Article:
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Small Bud Vase "Rose Fist"

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Project by Mark Wilson posted 07-17-2015 08:24 AM 800 views 0 times favorited 11 comments Add to Favorites Watch

What I call a Rose Fist is that part of a Rose Tree where the trunk ends and the branches begin. I planted this Rose Tree in my yard a number of years ago, and, in the last year or so, it died. (I know, weird. You can’t kill a Rose around here if you try – extremely hardy species.) Anyhow, it died, and I was removing it from said yard, from the top down, when I notice this gnarly “fist”. I separated it from the trunk, and it sat around for a while.
What are you gonna do with that, besides move it out of the way every time you step on it? Well, I shall examine it to see if there’s any way to mount it.
What say you flatten enough of one end to get at least three faceplate screws into it?
Okay.
Under constant concern over just how firmly attached any of this chunk of compacted material was, I turned a simple vase shape. Then, I wanted to open it up just enough to get a plastic tube-type container in to hold water for a bud. I didn’t measure the container That’s 5/8”, mebees 9/16”, says Mr. Smartypants.

I drilled it out carefully with a 5/8” Forstner. It doesn’t fit.
So, Sillyhead, stick a tool in there and open it up til it does.

While I’m following his advice, I start seeing some plate movement in the vicinity of that huge fissure, visible in photos 1 & 5. I stop immediately, shake my head at him, and begin sanding and polishing (and closing my ears to any more suggestions).

I slathered the thing, inside and out, with more shellac than I can remember. Polished up, it became something unlike anything else ever.

I hope I can find more “Rose Fists”.

-- Mark





11 comments so far

View Mark Wilson's profile

Mark Wilson

1753 posts in 528 days


#1 posted 07-17-2015 08:29 AM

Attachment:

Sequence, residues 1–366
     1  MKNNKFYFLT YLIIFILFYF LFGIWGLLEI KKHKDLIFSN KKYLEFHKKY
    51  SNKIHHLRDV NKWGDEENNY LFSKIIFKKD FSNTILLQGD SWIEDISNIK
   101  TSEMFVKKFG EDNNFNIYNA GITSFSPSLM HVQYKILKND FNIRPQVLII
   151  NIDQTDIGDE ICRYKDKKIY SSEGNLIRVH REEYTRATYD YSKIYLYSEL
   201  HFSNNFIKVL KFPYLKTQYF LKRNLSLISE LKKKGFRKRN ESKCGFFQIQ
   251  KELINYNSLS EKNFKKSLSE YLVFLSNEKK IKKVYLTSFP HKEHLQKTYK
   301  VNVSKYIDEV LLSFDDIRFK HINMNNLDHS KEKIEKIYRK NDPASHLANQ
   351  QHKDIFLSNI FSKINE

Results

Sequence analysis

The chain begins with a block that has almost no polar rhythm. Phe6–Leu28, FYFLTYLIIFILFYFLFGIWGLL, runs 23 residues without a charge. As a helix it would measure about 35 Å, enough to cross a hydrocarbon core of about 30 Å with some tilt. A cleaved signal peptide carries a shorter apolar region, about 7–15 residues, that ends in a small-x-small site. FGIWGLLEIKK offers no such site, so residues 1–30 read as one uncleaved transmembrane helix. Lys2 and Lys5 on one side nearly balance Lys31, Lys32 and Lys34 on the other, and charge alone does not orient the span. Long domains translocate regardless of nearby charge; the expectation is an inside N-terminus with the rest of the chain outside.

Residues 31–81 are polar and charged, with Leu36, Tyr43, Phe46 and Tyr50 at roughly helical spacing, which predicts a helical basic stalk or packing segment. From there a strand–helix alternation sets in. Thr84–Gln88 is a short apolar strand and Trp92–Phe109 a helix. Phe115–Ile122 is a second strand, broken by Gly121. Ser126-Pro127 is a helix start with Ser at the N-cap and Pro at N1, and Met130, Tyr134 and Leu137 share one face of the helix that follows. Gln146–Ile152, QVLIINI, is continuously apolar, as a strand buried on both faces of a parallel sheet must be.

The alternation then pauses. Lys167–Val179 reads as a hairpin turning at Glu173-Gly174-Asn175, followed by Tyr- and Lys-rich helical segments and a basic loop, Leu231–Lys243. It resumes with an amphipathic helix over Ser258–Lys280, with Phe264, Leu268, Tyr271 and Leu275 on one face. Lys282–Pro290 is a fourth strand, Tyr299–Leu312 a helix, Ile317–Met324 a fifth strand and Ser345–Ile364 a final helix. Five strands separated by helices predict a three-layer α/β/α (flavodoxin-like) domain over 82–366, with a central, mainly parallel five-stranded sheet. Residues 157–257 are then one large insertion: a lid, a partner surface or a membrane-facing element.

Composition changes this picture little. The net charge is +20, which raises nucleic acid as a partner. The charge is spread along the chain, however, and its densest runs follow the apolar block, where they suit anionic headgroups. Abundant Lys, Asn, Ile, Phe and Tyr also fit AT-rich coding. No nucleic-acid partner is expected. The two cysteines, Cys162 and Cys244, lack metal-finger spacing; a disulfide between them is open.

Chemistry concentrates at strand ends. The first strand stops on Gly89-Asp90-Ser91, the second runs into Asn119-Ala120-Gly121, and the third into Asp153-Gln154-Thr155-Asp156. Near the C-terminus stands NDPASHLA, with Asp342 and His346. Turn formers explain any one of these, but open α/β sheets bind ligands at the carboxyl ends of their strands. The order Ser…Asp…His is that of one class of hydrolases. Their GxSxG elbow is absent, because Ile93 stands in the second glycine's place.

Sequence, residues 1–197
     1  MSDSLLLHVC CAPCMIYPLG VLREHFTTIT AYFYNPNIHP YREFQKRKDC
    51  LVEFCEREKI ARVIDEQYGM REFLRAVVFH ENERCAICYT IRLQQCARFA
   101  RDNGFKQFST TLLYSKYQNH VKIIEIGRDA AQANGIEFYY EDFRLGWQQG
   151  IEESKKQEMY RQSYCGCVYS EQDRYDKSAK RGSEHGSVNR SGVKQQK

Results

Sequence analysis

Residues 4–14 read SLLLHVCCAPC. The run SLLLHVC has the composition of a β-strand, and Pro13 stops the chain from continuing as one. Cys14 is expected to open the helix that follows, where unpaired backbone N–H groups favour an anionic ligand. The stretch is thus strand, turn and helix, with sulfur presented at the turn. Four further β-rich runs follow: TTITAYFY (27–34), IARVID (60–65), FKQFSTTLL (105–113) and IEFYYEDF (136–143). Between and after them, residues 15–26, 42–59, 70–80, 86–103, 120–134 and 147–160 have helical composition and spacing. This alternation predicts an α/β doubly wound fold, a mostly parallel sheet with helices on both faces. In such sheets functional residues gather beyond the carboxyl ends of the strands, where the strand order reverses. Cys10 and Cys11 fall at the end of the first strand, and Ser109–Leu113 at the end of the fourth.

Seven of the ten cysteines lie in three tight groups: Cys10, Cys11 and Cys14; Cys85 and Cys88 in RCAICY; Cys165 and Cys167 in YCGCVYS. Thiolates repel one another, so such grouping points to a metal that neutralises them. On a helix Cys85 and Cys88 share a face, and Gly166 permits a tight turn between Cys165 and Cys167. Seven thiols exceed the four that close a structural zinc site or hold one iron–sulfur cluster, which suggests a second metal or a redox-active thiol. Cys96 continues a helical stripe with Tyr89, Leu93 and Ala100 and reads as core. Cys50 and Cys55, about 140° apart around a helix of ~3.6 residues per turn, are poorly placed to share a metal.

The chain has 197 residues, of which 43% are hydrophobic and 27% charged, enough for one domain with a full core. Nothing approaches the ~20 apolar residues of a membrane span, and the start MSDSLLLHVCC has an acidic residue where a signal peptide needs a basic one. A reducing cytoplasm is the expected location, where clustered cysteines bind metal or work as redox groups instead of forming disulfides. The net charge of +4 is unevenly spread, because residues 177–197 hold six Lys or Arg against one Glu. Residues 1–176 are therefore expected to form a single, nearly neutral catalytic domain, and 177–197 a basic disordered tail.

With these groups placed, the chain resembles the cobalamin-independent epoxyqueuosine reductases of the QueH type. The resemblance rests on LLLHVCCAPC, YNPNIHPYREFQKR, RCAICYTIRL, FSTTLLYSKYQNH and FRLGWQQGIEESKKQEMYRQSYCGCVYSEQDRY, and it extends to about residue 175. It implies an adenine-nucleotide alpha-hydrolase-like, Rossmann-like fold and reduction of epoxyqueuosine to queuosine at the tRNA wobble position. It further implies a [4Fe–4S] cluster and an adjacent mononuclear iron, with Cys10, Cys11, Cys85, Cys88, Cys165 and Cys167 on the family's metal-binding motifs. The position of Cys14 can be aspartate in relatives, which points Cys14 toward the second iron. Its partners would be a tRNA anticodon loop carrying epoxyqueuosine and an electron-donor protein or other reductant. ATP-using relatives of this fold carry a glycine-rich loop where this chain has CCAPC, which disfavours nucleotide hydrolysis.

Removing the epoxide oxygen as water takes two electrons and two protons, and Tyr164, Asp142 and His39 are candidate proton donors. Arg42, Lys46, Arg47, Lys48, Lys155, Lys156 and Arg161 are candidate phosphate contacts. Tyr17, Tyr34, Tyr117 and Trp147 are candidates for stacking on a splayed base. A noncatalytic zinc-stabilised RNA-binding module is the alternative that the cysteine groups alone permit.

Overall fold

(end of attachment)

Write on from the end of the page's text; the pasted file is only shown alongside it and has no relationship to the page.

After thoroughly shellacking this thing with shellac (really gave it what-for, I did), I took it in the house to see if it’d hold water. It didn’t.

-- Mark

View peteg's profile

peteg

3857 posts in 2288 days


#2 posted 07-17-2015 08:36 AM

love the photo path Mark, a real gnarly old piece kind of fitting for an old prickly Rose, great job in getting there, but I can understand the water having a laugh at your attempt agin it :)
cheers
Pete

-- Pete G: If you always do what you always did you'll always get what you always got

View BobWemm's profile

BobWemm

1812 posts in 1391 days


#3 posted 07-17-2015 08:55 AM

You can never tell what is under the mass of bark and dirt.
A beautiful piece of wood.
I saw a pen made from the root section of a “Rosemary” garden plant. That was spectacular.
Keep having fun with these lumps.

-- Bob, Western Australia, The Sun came up this morning, what a great start to the day. Now it's up to me to make it even better. I've cut this piece of wood 4 times and it's still too damn short.

View Mark Wilson's profile

Mark Wilson

1753 posts in 528 days


#4 posted 07-17-2015 09:04 AM

Bob, if I can find more of these “lumps”, I will go to town.
Thanks, Peteg. Another Aussie. Three notches on my Buddy Belt.

-- Mark

View Bob Collins's profile

Bob Collins

2320 posts in 3148 days


#5 posted 07-18-2015 12:10 AM

That came up very nicely Mark, once the bark is off the mystery begins. That doesn’t hold water either.

-- Bob C, Australia. I love sharing as long as it is not my tools

View Mark Wilson's profile

Mark Wilson

1753 posts in 528 days